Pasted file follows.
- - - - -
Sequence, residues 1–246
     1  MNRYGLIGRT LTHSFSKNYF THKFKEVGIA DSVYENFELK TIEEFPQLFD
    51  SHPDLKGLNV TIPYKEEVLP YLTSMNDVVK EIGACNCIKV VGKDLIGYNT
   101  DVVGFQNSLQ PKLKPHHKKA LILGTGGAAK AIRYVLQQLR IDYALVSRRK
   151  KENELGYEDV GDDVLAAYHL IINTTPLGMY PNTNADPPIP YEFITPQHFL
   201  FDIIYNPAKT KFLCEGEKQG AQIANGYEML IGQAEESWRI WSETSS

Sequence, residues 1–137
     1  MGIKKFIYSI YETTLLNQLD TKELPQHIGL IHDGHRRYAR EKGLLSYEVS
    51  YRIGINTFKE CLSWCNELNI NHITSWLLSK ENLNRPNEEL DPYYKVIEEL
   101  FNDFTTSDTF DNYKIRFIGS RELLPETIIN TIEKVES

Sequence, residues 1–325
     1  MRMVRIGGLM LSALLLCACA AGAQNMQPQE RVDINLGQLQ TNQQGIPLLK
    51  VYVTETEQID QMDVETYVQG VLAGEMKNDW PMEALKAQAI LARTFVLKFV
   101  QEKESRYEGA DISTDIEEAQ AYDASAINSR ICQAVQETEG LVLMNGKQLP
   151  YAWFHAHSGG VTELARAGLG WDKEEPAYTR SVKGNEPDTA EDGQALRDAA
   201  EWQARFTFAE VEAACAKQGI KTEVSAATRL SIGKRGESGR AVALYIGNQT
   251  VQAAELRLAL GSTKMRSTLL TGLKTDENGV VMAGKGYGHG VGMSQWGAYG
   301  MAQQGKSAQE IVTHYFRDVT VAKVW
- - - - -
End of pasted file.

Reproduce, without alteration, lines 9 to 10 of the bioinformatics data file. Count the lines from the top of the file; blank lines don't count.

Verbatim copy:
    51  YRIGINTFKE CLSWCNELNI NHITSWLLSK ENLNRPNEEL DPYYKVIEEL
   101  FNDFTTSDTF DNYKIRFIGS RELLPETIIN TIEKVES